The average celebrity lives for the cameras. Fact. Most people who follow the media want to know what’s up with their favourite celebrities per time. Fact. The media – print, broadcast, web, social or new media – is the natural point of convergence and venting for both sides of the equation. Hence, the media’s role is more than a job, it is a duty. Ultimate fact.
Unfortunately, a number of celebrities have over time found the same media an easy target for vitriols whenever certain aspects of their lives become a matter of public scrutiny or attacks. With all due respect to these celebrities and the brands they have become, we make bold to say that the media is never to blame.
We can substantiate. While it is admissible to some extent that celebrities are not obliged to be role models, since they, like everyone else have a right to be whatever they chose to be per time, such thinking cannot however stand the test of responsibility that comes with societal and corporate expectations from the brands they have become. This is because of the fact that at the core of all actions of celebrities is a desire for fame and the ancillary benefits it brings such as awards, endorsements, appointments and general relevance. It will therefore be hypocritical for any celebrity to expect these without some modicum of appreciation of the need to reciprocate via his or her lifestyle. The media is not the problem
This opinion has become a necessary intervention because of the rate at which a number of A-list celebrities have taken on and called out the media over reportage of unpleasant activities surrounding their brands. Still fresh in memory is Davido’s threat to sue Punch for how much, 60 billion Naira? Not to mention the myriad times others like Timaya, Halima Abubakar, Wizkid and more recently upstarts like Rosy Meurer, and a host of others have found it very convenient to vent their frustration with public commentary on their lives on the media. And then there was the case of the altercation between comedian Alibaba and Greennews over a supposed satire that backfired. That has to stop.
Admittedly, there will always be that allowable margin of error in reporting stories. As in all professions too, there will also always be some bad eggs, but these are a tiny minority whose work should never be used as yardstick for judging the media. Unfortunately, some celebrities cannot understand the difference. Too bad.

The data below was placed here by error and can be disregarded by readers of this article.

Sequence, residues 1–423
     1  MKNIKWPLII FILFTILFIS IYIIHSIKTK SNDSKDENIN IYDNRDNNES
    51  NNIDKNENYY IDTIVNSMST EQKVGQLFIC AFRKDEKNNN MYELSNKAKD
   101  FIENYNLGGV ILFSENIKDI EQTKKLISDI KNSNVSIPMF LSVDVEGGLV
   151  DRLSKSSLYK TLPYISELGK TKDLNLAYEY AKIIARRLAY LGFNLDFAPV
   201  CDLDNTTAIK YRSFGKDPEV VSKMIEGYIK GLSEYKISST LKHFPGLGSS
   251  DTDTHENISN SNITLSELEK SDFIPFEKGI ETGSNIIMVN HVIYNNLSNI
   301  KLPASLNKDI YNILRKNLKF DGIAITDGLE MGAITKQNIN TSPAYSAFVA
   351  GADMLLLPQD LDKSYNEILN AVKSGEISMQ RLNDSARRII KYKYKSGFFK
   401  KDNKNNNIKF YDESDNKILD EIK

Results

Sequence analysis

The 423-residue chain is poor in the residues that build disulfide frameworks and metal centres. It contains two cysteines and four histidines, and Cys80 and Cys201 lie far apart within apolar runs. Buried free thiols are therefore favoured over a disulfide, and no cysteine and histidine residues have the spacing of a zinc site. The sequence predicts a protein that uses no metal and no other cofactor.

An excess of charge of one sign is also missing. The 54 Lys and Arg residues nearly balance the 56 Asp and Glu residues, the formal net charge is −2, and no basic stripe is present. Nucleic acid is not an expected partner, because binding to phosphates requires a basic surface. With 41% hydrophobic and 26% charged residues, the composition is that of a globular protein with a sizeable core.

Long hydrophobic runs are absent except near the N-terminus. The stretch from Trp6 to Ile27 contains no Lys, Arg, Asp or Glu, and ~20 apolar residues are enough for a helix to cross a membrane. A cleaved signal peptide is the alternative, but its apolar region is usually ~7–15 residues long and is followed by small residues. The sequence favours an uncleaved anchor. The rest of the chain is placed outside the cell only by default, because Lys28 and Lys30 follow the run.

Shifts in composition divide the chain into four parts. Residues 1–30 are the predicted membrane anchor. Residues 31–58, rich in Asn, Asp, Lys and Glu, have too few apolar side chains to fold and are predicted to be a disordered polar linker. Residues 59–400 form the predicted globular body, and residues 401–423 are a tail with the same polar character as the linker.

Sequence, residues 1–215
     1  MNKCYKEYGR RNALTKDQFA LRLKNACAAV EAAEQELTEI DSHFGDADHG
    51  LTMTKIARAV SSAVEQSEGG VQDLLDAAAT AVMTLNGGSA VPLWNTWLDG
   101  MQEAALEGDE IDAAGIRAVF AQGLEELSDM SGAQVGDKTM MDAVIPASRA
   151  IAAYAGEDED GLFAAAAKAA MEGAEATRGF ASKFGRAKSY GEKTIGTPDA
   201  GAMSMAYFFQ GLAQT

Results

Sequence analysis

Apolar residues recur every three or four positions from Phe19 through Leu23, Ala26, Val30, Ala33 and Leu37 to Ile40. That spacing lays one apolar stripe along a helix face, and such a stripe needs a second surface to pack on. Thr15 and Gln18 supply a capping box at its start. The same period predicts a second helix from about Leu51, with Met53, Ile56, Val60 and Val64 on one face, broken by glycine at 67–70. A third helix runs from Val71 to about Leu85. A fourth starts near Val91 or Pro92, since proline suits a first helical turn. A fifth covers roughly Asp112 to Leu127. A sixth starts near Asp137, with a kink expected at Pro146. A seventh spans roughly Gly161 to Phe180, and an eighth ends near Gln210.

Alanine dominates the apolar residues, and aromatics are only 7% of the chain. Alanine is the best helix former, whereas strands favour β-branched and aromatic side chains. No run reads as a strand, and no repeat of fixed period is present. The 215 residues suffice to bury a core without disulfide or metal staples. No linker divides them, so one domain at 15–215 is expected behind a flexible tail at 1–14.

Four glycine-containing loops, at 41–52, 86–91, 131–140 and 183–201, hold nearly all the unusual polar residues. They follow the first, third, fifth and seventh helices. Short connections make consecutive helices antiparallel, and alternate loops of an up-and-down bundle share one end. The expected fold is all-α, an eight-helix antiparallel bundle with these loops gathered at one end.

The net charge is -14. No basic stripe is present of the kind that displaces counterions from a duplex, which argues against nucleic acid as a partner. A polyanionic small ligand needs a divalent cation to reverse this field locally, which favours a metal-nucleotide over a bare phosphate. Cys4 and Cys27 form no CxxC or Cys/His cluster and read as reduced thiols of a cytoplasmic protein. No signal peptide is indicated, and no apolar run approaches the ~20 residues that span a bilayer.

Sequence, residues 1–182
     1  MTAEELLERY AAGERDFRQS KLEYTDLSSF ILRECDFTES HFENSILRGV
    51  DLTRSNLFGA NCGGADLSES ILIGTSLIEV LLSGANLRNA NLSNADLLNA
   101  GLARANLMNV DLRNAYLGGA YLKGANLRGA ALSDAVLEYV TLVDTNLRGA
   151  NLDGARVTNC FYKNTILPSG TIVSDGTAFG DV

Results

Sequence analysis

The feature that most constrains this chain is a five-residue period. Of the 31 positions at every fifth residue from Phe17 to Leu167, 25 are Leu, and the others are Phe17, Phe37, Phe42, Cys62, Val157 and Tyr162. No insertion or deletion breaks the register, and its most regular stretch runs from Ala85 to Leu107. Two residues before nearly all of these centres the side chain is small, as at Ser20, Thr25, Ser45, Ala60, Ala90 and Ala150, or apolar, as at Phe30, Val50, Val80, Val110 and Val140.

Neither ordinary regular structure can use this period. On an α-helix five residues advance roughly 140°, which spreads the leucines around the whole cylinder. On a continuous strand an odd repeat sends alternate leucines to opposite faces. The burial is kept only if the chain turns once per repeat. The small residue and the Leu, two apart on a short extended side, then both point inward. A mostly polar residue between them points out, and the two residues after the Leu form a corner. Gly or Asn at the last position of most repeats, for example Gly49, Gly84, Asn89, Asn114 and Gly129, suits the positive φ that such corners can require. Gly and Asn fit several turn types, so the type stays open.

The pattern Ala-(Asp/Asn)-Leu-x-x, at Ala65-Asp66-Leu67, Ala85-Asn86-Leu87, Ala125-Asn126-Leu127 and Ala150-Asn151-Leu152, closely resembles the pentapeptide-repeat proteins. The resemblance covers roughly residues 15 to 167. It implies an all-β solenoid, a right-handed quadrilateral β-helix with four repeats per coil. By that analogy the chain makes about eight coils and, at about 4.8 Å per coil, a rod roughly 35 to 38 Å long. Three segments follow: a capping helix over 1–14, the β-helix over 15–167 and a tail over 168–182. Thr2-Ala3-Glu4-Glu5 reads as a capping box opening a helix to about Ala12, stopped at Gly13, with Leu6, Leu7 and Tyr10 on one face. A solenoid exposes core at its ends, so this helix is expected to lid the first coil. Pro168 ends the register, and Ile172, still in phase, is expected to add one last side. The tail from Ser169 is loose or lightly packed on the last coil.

Rather than make a habit of blaming the media, the Nigerian celebrity must come to terms with the reality that he or she is a public figure who carries a burden of practicing what they preach. We cannot fault society’s expectations in this regard. The ultimate ideal is for the media to be objective, but more often than not, in the cases of glaring shortcomings and aberrant behaviour, the media is constrained to have an opinion on a story as it has a duty to set the right agenda for the society. At all times, our work is more than a job.
Sadly, reporting scandals is part of the job. But it is not our duty to clean up after celebrities who deliberately try to leverage on the concept of selling their brand through controversy and then try playing the victim or making the media their fall guy. That is cheap. Moreover, much of the misunderstanding on the part of the celebrities wouldn’t even exist in the first place if many of them subscribed to proper PR and social media management. No, they believe having a handle is all they need to relate with the public.That has to stop.
In the final analysis, while the motivation here is not necessarily to throw up the polemics of who needs who most between the media and the celebrity, we are fully aware of the sacred duty we must perform and the immense power at our disposal. Our sense of relevance is never in doubt. Like American-Senegalese singer, Akon, we will take the blame if we have to. But not all the time. Enough.
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